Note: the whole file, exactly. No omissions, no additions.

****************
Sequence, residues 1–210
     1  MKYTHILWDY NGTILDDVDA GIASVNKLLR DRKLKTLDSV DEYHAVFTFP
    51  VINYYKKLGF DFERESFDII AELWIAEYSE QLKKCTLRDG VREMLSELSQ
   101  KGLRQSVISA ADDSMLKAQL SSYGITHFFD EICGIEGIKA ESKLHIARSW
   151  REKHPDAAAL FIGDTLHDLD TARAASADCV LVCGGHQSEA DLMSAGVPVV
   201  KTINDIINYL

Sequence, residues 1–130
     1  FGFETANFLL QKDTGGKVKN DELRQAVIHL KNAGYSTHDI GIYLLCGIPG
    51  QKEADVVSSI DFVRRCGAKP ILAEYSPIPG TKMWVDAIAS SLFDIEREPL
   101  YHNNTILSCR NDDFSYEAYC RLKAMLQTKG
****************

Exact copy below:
Sequence, residues 1–210
     1  MKYTHILWDY NGTILDDVDA GIASVNKLLR DRKLKTLDSV DEYHAVFTFP
    51  VINYYKKLGF DFERESFDII AELWIAEYSE QLKKCTLRDG VREMLSELSQ
   101  KGLRQSVISA ADDSMLKAQL SSYGITHFFD EICGIEGIKA ESKLHIARSW
   151  REKHPDAAAL FIGDTLHDLD TARAASADCV LVCGGHQSEA DLMSAGVPVV
   201  KTINDIINYL

Sequence, residues 1–130
     1  FGFETANFLL QKDTGGKVKN DELRQAVIHL KNAGYSTHDI GIYLLCGIPG
    51  QKEADVVSSI DFVRRCGAKP ILAEYSPIPG TKMWVDAIAS SLFDIEREPL
   101  YHNNTILSCR NDDFSYEAYC RLKAMLQTKG